Sportswear companies championing the human spirit in a series of adverts for running shoes that are made by someone in a sweatshop whose human spirit is being crushed, daily.

Every day I would try to think of something that wasn't as ludicrous as what the news would show me. Every day I failed.

So I stopped bothering. I can't invent things that are more ridiculous than what's actually happening.

I can't conjure up anything more fucking ridiculous than people sitting in boats, in period costumes, in a swimming pool, with dry ice and polystyrene 'icebergs', watching James Cameron's bloated boatfest "Titanic" - and think that that is an appropriate way of marking the centenary of a massive maritime disaster.

"Are you coming to the Concordia after-party?"
I just cannot do it.

The news and real life are making a mockery of trying to make a mockery of news and real life.

I can only imagine what the waste-bin of Armando Iannucci and the writers of The Thick Of It looks like.
"Ahhh great. George Galloway has been elected. 
That's a morning's work up the chuffer..."

The German philosopher Frederich Nietchze once said:
"It's fine, honestly. Don't worry about it. Everyone spells it differently. I'm used to it. I once went to a book-signing and I thought they'd spelt my name wrong there. Turns out I'm at the wrong gig. It actually was for Mr Nice. 
Still, I got to meet Howard Marks and he's really cool..."

But I digress, he also said somehing more pertinent to my observations.

He said:
"Insanity in individuals is something rare - but in groups, parties, nations and epochs, it is the rule."

Or, to paraphrase Tommy Lee Jones in Men In Black....

People are idiots.

Not a person.
You for instance, reading this, you're alright.

You're better than alright, you're bloody great.

But once you get in a crowd, a mob, it's a whole different kettle of cod...

So, I've kept my distance.

I've carried on people-watching from afar, on FB and Twitter - and on one occasion on Google+!!

(Although that was like standing in the middle of a massive room where the next human being is a microdot at the opposite end...)

I've observed but not felt like interacting all that much.

I'm lucky. I like my own company. I can sit and read and wait until all this nonsense about elected mayors, Olympic countdowns, the Dutch government spitting it's dummy out, internet trolls threatening Alan Davies life for no good reason, the financial markets panicking like a cheerleader in a log cabin on Friday 13th... I'll just take a deep breath and ignore everything until people are ready to be sensible again and our leaders  show some backbone and lead.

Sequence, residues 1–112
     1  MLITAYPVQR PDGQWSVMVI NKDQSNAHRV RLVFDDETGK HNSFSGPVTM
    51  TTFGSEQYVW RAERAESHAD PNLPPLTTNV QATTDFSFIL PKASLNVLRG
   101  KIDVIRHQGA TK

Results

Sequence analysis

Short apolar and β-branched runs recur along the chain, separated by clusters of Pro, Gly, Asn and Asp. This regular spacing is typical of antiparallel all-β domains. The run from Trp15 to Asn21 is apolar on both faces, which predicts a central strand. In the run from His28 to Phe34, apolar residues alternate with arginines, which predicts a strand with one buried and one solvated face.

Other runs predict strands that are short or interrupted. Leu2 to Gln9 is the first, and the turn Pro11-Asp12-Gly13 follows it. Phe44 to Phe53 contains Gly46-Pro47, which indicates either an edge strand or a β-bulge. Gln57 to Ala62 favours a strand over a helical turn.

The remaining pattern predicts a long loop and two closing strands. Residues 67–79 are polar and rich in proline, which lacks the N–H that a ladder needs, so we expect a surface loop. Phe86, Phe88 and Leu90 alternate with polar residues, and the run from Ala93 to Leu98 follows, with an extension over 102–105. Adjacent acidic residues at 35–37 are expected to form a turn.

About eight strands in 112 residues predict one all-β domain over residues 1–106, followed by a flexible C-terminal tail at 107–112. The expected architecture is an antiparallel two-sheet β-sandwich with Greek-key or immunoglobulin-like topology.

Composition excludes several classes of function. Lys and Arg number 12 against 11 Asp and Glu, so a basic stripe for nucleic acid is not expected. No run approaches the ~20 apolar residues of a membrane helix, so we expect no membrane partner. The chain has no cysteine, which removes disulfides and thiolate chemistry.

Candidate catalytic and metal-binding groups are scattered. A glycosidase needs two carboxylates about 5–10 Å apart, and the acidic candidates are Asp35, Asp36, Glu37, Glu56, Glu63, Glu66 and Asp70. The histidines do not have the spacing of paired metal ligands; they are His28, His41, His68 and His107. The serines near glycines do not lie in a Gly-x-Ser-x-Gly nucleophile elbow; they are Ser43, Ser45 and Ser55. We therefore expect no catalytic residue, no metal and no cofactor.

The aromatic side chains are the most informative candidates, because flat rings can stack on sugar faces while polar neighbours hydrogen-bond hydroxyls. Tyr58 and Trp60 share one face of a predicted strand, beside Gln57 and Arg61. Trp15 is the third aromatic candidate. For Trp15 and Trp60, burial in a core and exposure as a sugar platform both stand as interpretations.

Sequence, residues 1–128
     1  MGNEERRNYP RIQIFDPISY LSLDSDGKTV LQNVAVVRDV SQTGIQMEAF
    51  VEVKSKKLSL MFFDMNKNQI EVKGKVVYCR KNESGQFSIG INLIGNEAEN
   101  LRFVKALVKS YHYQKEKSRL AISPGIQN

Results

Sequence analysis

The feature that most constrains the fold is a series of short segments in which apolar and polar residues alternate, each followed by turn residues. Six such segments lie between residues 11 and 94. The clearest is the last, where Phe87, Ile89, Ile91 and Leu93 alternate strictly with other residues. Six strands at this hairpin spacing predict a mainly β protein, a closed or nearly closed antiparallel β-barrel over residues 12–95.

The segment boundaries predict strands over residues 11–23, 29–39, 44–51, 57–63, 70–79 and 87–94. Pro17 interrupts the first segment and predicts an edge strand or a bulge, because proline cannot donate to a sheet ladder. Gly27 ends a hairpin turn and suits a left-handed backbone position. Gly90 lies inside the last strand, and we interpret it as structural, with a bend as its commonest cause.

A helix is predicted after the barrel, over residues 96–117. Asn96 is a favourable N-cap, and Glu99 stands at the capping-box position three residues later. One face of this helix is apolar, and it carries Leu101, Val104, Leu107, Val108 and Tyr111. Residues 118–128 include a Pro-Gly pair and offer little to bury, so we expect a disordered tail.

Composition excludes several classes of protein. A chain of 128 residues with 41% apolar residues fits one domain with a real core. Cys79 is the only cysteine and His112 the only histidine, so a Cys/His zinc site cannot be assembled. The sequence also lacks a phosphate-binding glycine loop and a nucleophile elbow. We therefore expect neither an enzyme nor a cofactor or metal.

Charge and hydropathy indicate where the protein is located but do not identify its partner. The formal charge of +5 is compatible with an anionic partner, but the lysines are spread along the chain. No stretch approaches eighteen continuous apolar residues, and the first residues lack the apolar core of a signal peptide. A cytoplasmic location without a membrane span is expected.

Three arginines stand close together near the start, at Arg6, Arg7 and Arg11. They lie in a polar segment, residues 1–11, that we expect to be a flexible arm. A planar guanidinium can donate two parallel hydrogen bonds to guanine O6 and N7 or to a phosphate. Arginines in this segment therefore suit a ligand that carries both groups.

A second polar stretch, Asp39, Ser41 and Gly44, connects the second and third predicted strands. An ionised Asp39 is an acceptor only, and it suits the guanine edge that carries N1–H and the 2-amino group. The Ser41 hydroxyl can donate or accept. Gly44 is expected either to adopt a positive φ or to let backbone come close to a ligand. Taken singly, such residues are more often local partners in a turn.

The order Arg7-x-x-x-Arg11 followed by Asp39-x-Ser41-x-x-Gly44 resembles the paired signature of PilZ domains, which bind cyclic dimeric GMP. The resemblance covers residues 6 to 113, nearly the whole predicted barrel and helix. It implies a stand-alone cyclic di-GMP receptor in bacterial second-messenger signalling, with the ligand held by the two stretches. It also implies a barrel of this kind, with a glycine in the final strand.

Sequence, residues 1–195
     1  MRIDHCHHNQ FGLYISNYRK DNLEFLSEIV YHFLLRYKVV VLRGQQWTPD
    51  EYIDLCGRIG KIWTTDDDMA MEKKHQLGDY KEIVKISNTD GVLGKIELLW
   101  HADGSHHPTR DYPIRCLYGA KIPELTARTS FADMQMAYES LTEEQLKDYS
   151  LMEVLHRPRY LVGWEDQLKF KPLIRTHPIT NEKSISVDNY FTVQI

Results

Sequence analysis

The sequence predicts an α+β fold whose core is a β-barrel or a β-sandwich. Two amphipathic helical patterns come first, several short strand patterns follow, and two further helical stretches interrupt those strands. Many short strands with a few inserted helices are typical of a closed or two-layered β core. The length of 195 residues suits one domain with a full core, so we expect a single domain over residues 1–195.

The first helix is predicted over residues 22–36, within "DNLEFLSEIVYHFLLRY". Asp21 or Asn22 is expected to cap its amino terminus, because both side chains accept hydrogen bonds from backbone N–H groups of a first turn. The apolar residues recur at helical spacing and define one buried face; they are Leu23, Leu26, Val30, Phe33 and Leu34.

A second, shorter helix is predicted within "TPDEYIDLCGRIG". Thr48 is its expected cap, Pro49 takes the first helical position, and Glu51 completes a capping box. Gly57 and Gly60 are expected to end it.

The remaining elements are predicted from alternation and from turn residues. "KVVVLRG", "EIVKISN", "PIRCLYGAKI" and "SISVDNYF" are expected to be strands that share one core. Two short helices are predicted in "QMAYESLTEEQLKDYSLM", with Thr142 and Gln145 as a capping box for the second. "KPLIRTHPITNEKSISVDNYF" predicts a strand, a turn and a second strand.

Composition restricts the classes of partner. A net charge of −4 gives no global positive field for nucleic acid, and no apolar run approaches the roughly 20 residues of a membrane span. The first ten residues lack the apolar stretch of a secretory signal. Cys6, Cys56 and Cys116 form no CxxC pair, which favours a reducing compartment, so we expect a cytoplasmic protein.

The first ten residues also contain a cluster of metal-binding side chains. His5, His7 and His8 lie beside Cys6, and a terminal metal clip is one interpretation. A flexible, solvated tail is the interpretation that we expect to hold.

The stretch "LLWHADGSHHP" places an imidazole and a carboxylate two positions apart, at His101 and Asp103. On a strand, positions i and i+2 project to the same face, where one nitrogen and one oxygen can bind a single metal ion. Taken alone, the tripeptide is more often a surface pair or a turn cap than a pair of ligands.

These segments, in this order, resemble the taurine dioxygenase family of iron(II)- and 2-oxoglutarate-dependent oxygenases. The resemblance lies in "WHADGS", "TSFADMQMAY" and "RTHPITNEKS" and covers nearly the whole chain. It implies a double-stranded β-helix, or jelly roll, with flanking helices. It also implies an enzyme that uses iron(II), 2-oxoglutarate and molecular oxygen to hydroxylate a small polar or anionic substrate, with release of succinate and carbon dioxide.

Well, that's what I thought. I'd happily written off the majority of the human race as faulty, gibbering idiots who need a kick up the pants and to stop acting like destructive babies.

Then something restored my faith in people.
I saw the reaction to the death of Claire Squires.

Claire Squires, like thousands of other people, got up early on Sunday morning, while I slept off a hangover, and put on her running shoes to help raise money for the Samaritans for no other reason than "because they continually help others".

She never completed the London Marathon - she died later that morning.

The response to this news has been amazing.

Go and take a look at her Just Giving page.

Hundreds of strangers, thousands of people have been moved by the death of this one person and for once have acted in an exemplary manner and completely smashed her initial target of just £500.

At the last look the total raised was over five hundred thousand pounds.

And then I remembered Sport Relief, how thousands of people raised millions and millions of pounds for people they would never meet. How everyone, from children to pensioners delved into their own piddling cash reserves in the midst of a massive recession to make sure that someone else would not go without.

So, I stand corrected.

Sometimes people can be brilliant.

Sometimes people can be amazing.

We should remember that more often.